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City: State expected to raid funds
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State raid.

City officials have seen this one before: The state gets short on cash, lawmakers don't like making tough spending cuts so they make up their deficits by raiding the coffers of cities and counties.

Ceres officials are bracing for the worst now that state voters have rejected a slate of statewide propositions designed to raise taxes.

Gov. Arnold Schwarzenegger along with the California Legislature have repeatedly borrowed money from local governments over the past few years to deal with the never ending state deficits. Now that all of the ballot measures designed to put another patch on California's financial hemorrhaging have been defeated, the governor has declared he intends to "borrow" another $2 billion from local government by suspending provisions of a voter approved initiative that prohibits him from doing so unless he declares a fiscal emergency.

Such a move has been projected to cost Ceres at least $546,807 in the fiscal year starting July 1. That means Ceres - as well as a number of other California cities and counties - will be collateral damage for the state's budget crisis.

"This could not have come at the worst time," said Ceres City Manager Brad Kilger. "Most cities are very disappointed. At a time when cities are having to cut back on services - because of reduction in sales tax and property tax due to the economic slowdown - the state, instead of making reductions in their expenditures, are transferring it to us by taking our money."

The latest loss is based on a Prop. 1A prescribed formula of taking eight percent of the cities' and counties' share of property tax revenue.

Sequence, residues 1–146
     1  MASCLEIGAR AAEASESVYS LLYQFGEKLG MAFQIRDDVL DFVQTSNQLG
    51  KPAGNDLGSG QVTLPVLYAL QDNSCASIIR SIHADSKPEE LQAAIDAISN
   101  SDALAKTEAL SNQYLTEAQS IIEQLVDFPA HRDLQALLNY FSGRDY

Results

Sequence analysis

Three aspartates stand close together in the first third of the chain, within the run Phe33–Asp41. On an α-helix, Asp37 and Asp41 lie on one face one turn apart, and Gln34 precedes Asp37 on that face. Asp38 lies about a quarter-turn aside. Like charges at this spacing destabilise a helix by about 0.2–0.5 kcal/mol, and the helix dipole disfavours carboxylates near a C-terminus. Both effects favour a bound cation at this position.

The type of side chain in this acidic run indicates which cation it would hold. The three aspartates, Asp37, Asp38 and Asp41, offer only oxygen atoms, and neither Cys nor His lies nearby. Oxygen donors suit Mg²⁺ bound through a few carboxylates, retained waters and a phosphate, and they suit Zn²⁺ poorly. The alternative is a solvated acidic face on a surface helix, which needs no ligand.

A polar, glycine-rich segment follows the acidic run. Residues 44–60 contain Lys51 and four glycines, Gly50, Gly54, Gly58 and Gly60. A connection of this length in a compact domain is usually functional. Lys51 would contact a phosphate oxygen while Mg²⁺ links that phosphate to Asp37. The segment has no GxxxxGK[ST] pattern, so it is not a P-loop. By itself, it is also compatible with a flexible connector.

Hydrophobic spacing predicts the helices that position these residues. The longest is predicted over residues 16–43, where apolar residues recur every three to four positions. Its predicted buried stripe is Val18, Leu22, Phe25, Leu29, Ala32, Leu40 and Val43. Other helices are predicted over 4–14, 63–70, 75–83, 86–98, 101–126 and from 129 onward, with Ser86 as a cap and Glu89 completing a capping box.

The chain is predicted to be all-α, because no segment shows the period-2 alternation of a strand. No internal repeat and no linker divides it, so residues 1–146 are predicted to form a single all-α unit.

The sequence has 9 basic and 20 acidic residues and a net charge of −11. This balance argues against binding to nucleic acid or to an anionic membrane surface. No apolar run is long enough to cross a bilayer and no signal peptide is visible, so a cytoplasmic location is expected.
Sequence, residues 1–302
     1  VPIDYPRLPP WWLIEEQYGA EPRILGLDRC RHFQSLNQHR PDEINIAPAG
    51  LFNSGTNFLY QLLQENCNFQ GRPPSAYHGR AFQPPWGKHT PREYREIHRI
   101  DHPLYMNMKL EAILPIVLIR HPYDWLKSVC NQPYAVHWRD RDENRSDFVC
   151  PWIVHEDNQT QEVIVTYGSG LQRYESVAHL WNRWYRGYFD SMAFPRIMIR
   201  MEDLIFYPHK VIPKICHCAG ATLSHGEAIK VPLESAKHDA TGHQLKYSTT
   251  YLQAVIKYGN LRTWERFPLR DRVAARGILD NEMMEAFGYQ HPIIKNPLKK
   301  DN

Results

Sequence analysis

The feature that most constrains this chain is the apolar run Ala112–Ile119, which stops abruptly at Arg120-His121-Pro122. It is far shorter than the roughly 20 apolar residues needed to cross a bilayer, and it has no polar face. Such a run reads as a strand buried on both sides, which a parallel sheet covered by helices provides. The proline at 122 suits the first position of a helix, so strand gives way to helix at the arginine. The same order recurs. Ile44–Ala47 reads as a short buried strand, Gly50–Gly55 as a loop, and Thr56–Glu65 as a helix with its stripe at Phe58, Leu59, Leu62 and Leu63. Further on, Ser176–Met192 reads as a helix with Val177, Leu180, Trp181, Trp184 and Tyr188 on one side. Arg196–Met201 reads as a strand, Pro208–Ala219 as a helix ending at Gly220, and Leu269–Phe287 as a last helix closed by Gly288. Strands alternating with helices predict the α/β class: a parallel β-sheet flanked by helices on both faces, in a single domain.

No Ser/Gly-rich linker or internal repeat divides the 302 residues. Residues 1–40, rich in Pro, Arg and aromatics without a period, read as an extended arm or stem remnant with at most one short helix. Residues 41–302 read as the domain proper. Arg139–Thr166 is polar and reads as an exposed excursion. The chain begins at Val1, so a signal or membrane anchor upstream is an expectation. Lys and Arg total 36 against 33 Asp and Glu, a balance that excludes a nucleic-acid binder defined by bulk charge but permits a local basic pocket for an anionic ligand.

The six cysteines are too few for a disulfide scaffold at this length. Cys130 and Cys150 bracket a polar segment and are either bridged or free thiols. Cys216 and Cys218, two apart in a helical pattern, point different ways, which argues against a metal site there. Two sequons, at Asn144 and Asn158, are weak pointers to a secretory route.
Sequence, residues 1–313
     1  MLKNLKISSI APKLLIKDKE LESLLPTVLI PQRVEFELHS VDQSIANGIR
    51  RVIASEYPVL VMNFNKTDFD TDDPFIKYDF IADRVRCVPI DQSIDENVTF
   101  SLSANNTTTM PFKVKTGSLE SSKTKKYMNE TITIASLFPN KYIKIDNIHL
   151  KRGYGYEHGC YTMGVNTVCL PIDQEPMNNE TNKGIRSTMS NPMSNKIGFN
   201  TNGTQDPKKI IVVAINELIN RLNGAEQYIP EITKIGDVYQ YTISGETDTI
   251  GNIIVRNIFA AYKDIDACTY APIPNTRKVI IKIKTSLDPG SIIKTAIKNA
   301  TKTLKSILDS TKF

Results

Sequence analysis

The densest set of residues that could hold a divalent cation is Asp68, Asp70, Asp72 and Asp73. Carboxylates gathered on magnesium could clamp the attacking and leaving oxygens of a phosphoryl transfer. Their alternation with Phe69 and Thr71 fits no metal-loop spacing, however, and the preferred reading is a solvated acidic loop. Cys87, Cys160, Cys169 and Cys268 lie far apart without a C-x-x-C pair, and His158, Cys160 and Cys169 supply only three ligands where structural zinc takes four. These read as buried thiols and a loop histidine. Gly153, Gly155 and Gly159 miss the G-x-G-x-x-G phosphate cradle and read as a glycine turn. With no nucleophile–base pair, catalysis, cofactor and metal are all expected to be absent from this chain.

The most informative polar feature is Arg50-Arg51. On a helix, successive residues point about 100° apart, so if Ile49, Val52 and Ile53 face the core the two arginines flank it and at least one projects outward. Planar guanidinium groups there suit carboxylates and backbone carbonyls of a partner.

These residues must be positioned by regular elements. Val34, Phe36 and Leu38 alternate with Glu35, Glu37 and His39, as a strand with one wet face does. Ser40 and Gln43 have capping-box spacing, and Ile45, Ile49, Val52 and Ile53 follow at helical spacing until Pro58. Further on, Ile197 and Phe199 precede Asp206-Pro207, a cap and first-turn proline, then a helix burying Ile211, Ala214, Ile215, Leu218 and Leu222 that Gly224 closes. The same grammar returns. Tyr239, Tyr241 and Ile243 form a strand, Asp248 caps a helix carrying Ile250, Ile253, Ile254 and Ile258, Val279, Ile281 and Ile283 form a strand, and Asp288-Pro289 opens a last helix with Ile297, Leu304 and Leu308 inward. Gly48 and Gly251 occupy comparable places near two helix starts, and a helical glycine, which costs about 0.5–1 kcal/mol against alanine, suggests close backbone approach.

"We have to immediately factor this loss of additional property tax into our budget revenue estimates," said Kilger. "We have a need to reduce our overall general fund budget, based on our estimates, by almost 20 percent. That equals about $5 million over about five years. We refer to that as our 'structural deficit.'"

The city is looking at reducing expenditures by another $1.5 million in the 2009-10 fiscal year which begins July 1.

Kilger said the budget crisis is expected to bite into city cash reserves for the next five fiscal years by approximately $1.9 million.

"No final decision has been made," said Kilger. "We'll be working with our unions to talk about what kind of cuts we might be able to make."

The state will be looking for non-personnel costs reduction "wherever we can," said Kilger.

Various city finance directors throughout California said the latest threat from the state to cover their financial mess by siphoning local tax dollars is anticipated to push numerous counties and cities to the brink.

Ceres had managed to whittle an initial deficit projected at $1.6 million six months ago down primarily with spending cuts and freezing positions as well as worker layoffs.

Now in light of the governor's intent to again "borrow" from local government to bridge a new state deficit anticipated to exceed $23 billion it appears almost certain that Ceres will not be able to bridge the gap without severe budget cutbacks which translates into layoffs.

Last year the city lopped off $2 million from the budget in anticipation of shrinking revenues but the economy worsened late last year. City officials were sent scrambling on a budget-cutting mode when the county assessor announced that he was going to conduct a second reassessment of properties because of falling home prices which further reduced property values and tax revenues by another 15 percent. Sales tax revenues are also down 9 percent in Ceres.

In March the city let go of 11 workers to cut $1.13 million from the city budget. Kilger said layoffs were unavoidable since approximately 87 percent of the $16.8 million general fund is spent on labor and benefits.

The city currently allocates 83 percent of its discretionary funds to police and fire suppression services. Because of non public safety labor cuts, that percentage is expected to climb to 88 percent next year.

In April the city laid off Ken Craig, its Planning and Community Development Department director due to a decline of development activity. The move saved the city $184,081 in salary and benefit costs.

The state has taken a total of $9.5 million from the state of Ceres since 1991